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U.S. Patent Jun.5,1984 _ Sh_¢_et6of6 4,452,773
I I I I I I I I I I
1 MAGNETIC IRON-DEXTRAN MICROSPHERES i ‘The present invention relates to colloidal sized particles composed of a magnetic iron oxide core coated 5
with a water-soluble polysaacharide or a derivative thereof having pendant functional groups.
BACKGROUND OF THE INVENTION AND
_ DISCUSSION OF THE PRIOR ART 10
Development of procedures for generating monoclonal antibodies against specific cells is described for
.instance.in.K6hler,.G. and Milstein,._C. (1975) “Continu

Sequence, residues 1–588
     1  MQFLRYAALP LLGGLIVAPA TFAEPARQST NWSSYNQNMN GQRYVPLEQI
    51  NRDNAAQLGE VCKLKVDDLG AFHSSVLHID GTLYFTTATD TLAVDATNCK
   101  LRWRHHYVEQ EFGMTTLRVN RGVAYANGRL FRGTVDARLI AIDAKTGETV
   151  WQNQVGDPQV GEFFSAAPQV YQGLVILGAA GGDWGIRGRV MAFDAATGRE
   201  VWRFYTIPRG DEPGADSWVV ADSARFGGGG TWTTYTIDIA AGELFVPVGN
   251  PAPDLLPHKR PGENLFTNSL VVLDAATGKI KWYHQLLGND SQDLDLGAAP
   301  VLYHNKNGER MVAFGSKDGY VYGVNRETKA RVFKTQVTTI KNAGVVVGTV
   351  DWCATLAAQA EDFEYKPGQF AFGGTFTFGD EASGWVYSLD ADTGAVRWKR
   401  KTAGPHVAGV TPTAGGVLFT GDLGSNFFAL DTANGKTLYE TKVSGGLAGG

ous cultures of fused cells secreting antibody of predefmed specificity”, Nature 256, 495-497. These proce- 15 dures have underlined the need to develop new and improved immunological labeling techniques to detect and separate specific cells. An approach initiated by the present inventor in collaboration with Dr. A. Rembaum and S.P.S. Yen and described in Molday, R.S., 'Yen, 20 S.P.S. and Rembaum, A. (1977) “Application of magnetic microspheres in labeling and separation of cells, “Nature 268, 437-438 involved the synthesis of magnetic microspheres by cobalt 'y-irradiation of iron oxide colloidal particles in the presence of hydrophilic and 25 hydrophobic methacrylate monomers. These microspheres were coupled to immunoglobulin and used to label and separate cells by magnetic means. These magnetic reagents, however, were limited in application due to difficulties in synthesis and purification of the micro- 30 spheres and, more important, susceptability to aggregation and nonspecific binding to certain types of cells. Kronick, P. L., Campbell, G., Joseph, K. (1978) “Magnetic microspheres prepared by redox polymerization used in a cell separation based on gangliosides”, Science 35 200, 1074-1076 prepared similar magnetic polymeric particles, but these also appeared under the electron microscope as "aggregated material on cell surfaces. Albumincoated microspheres have also been prepared for use as drug-carriers, Widder, K., Flouret, G. and 40 Senyei, A. (1979) Magnetic microspheres: “Synthesis of a novel parenteral drug carrier”, J. Pharm. Sci. 68, 79-82, but these reagents are relatively large in size, approximately 1 micron (104 A) in diameter and, therefore, are limited as general reagents for cell labeling. 45